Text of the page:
The market itself was relatively small, with only a handful of wares and goods on each side of the little strip, with two rows of shops behind the front row shops. Most of the vendors were nearly as poor as their patrons. Indeed, since the sacking of the country Damascas twenty years earlier by King Salazar of the northern bordering country Sydon, people had very little money, and even less freedom.
Many, especially in the larger cities and boroughs, were ordered to work for King Salazar on whatever project he wanted done, usually growing crops, sometimes building things. Often they would have to work twelve hours a day, and were not paid unless they had no food. If they had no food, they were given two shiners a day, just enough to get a piece of fruit and perhaps a few slices of bread. This was simply to keep them alive, but many still died from starvation, malnourishment, or lack of drinkable water. Boys as young as eight were required to do manual labor, and sometimes girls as young as eleven or twelve were working and cooking for King Salazar, his guests, and his people of Sydon.  
The Sydons were cruel, merciless people, taking after their King. What’s worse, they hated the Damascans because they worshiped Barah, whom the Damascans claimed was the one true Creator of all things. The Damascans followed the teachings of Barah as revealed in Barah’s Book. Ancient Kings and Queens of Damascas had claimed to have been sent messages, what they called revelations, from Barah’s angels or even Barah Himself in some peculiar manifestation. Many of their ancient kings, most recently King Zebuttah, were instructed by Barah to write part of Barah’s Book- so say the people of Damascas.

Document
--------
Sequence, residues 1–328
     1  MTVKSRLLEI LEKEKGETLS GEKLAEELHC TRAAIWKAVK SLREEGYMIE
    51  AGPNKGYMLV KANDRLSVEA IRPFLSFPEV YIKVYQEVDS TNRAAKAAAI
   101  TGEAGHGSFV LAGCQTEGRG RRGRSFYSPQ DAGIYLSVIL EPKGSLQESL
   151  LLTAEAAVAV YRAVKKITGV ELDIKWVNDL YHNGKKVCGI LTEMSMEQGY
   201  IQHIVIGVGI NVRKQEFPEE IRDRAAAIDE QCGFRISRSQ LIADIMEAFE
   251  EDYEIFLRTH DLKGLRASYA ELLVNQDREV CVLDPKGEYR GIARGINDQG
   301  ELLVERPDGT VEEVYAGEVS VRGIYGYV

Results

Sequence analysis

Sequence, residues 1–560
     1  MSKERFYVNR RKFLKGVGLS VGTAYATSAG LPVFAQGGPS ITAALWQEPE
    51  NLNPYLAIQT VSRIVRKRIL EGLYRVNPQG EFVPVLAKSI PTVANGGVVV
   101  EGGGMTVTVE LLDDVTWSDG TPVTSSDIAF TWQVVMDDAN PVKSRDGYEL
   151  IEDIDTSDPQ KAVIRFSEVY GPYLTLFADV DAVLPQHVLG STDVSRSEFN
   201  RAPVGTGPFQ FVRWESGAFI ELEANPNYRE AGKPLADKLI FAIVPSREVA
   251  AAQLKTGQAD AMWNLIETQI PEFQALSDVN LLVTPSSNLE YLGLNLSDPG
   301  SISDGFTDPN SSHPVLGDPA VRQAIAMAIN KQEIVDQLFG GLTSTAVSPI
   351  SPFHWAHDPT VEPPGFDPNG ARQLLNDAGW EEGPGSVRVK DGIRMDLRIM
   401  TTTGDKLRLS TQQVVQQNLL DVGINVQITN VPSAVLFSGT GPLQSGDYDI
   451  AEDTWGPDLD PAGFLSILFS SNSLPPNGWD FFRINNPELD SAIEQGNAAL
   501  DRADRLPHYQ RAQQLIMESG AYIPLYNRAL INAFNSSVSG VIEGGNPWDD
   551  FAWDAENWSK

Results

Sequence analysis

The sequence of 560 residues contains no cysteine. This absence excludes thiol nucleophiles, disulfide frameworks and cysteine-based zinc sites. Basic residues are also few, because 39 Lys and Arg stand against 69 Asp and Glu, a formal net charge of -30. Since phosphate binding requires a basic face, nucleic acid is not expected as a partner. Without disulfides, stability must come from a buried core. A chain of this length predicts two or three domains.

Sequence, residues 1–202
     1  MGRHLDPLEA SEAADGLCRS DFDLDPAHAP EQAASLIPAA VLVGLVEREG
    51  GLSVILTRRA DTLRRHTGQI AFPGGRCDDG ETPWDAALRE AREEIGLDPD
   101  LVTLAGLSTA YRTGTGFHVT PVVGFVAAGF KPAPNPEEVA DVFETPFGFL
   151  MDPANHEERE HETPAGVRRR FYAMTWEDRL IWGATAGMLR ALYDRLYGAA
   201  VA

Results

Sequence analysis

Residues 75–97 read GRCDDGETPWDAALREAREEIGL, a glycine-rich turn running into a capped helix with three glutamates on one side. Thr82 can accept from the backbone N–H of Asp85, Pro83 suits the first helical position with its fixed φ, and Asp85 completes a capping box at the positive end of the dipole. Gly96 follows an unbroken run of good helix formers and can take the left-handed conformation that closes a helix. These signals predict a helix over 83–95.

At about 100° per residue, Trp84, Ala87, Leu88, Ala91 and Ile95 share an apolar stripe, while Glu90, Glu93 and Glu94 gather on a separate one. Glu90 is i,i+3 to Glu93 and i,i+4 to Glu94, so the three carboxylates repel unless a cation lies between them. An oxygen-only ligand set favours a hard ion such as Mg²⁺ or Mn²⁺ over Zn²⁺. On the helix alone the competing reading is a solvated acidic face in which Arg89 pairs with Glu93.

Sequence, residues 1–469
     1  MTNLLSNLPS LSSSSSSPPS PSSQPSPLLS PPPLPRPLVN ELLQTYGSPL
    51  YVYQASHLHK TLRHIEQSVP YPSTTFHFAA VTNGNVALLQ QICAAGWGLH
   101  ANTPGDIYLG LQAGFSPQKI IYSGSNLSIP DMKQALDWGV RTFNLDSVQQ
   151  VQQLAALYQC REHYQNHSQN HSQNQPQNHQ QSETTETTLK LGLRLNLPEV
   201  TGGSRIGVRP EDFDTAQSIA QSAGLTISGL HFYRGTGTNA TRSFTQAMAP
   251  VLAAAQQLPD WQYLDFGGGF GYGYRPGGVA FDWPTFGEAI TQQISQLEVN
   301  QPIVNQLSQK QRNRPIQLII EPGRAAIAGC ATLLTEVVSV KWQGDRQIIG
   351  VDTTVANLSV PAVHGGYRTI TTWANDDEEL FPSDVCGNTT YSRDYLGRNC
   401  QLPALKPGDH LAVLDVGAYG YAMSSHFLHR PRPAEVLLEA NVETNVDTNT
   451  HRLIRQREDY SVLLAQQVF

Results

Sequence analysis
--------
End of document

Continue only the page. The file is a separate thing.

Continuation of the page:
The Sydonians long considered Barah and Barah’s Book the mere machinations of the Damascans. Sydon worshiped Graybar, the god of their world, who frequently manifested himself before them. Graybar they could see, therefore they could believe in him. Barah had only been speculation, hearsay; no one credible had ever seen him, and nonetheless Barah’s Book and the will of Graybar were not in accord with one another, not at all. Barah in his book claimed to be the one true Creator, but Graybar made that claim for himself. Barah demanded the worship and praise of all people, but Graybar made that demand for himself. Barah said that the people were wicked and disobedient and needed his grace and mercy, but Graybar said that the people were good on their own, so long as they gave their allegiance to him and carried out his purposes.
    What was the will of Graybar? Mostly to destroy all enemies, which were those who pledged their allegiance to any King other than King Salazar, Graybar’s anointed one and his chosen representative. If anyone followed any other gods, especially the false god Barah, they were to be destroyed, without showing any mercy. Men, women, children, all were to be killed for worshiping the god Barah. Some were even offered as sacrifices to Graybar in celebration.
In fact, Barah had become such a popular god that Graybar instructed King Salazar to crusade against all nations that called upon Barah’s name and followed the teachings of Barah’s Book. That crusade started with the invasion of the country Damascas 20 years ago. Since then, all the nations surrounding Sydon were brought under Graybar and King Salazar’s sovereignty, accounting for nearly a quarter of the planet Tar-Bar.
Breckinhill was acutely aware of all these things. In fact, those turn of events in the last twenty years led to his drinking, in part at least. And enslavement was what had cast Breckinhill in such a downtrodden spirit this day.